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Surged 20x in Ransomware Cases, New Report from Palo Alto Networks Unit 42 Finds

Palo Alto Networks

Palo Alto Networks found that ransomware and extortion actors are utilizing more aggressive tactics to pressure organizations, with harassment being involved 20 times more often than in 2021, according to Unit 42™ incident response cases. This harassment is typically carried out via phone calls and emails targeting a specific individual, often in the C-suite, or even customers, to pressure them into paying a ransom demand. The 2023 Unit 42 Ransomware and Extortion Report shares insights compiled based on findings from Unit 42’s incident response work from approximately 1,000 cases throughout the past 18 months.

Ransomware demands continued to be a pain point for organizations this past year, with payments as high as US$7 million in cases that Unit 42 observed. The median demand was US$650,000, while the median payment was US$350,000 indicating that effective negotiation can drive down actual payments. The highest ransom demanded in 2022 was as high as $50 million or ₹4.1 billion.

 Wendi Whitmore, senior vice president and head of Unit 42 at Palo Alto Networks, said, “Ransomware and extortion groups are forcing their victims into a pressure cooker, with the ultimate goal of increasing their chances of getting paid,” “Harassment has been involved in one of every five ransomware cases we’ve investigated recently, showing the lengths that these groups are willing to go to coerce a payday. Many are going so far as to leverage customer information that has been stolen to harass them and try to force the organization’s hand into payment.”

Key trends from the report include:

Attackers Add Pressure with Multi Extortion

Ransomware groups have been observed layering extortion techniques for greater impact, with the goal of applying more pressure on organizations to pay the ransom. Some of these tactics include encryption, data theft, distributed denial of service (DDoS) and harassment. Data theft, which is often associated with dark web leak sites, was the most common of the extortion tactics, with 70% of groups using it by late 2022 — a 30 percentage point increase from the year prior.

Leak Sites Drip with Data

Every day, Unit 42 researchers see an average of seven new ransomware victims posted on leak sites — equating to one new victim every four hours. In fact, in 53% of Unit 42’s ransomware incidents involving negotiation, ransomware groups have threatened to leak data stolen from organizations on their leak site websites. This activity has been seen from a mix of new and legacy groups, indicating that new actors are entering the landscape to cash in as legacy groups have done. Established groups like BlackCat, LockBit and others contributed to 57% of the leaks, with new groups trailing close behind with 43%.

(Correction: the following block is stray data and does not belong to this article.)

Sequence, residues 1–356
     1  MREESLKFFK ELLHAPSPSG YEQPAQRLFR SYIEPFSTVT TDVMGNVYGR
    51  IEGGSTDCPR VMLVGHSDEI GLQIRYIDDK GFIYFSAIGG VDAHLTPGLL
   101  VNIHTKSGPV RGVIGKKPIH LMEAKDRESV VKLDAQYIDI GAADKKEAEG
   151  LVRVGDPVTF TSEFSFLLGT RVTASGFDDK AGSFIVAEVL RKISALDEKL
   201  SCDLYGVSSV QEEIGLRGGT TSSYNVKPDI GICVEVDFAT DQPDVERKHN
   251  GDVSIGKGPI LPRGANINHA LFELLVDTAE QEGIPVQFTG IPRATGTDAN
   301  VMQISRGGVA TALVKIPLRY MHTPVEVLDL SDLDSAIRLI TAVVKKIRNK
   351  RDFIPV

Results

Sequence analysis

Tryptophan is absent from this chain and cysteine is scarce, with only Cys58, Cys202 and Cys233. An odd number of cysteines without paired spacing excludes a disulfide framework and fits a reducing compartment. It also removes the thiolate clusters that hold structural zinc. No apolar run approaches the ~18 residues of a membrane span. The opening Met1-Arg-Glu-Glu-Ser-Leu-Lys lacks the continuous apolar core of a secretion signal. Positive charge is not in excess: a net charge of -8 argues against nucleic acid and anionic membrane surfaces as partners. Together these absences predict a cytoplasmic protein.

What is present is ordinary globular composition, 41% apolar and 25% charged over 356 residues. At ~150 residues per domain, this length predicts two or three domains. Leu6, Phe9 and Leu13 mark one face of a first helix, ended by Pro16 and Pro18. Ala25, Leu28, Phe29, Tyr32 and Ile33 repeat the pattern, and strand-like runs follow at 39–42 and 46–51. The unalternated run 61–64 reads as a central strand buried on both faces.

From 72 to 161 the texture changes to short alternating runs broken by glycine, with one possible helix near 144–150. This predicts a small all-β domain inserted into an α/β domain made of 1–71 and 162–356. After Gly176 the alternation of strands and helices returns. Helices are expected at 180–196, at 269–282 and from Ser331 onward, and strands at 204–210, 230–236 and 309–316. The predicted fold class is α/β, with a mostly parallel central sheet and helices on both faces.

Ransomware Groups Attack Society’s Most Vulnerable

There have been many notable attacks in the past year from ransomware groups, with a particular spike in attacks on schools and hospitals, demonstrating how low these actors are willing to stoop in their attacks. This includes the attacks from Vice Society, which was responsible for the data leaks from several major school systems in 2022. The group continues to be active in 2023, with nearly half of the incidents posted to their leak site impacting educational institutions.

The report also shares further insights into tactics threat actors use with increased frequency, industries, and regions most impacted, and ways organizations can protect themselves better:

  • Organizations based in the U.S. were most severely publicly affected, with 42% of the observed leaks in 2022. Followed by Germany and the U.K., accounting for nearly 5% each.
  • In 2022, 30 organizations on the Forbes Global 2000 list were publicly impacted by extortion attempts. Since 2019, at least 96 of these organizations have had confidential files publicly exposed to some degree as part of attempted extortion.
  • Manufacturing was the most targeted industry in 2022, with 447 compromised organizations publicly exposed on leak sites.
  • At least 75% of ransomware attacks fielded by Unit 42’s Incident Response team resulted from attack surface exposures.

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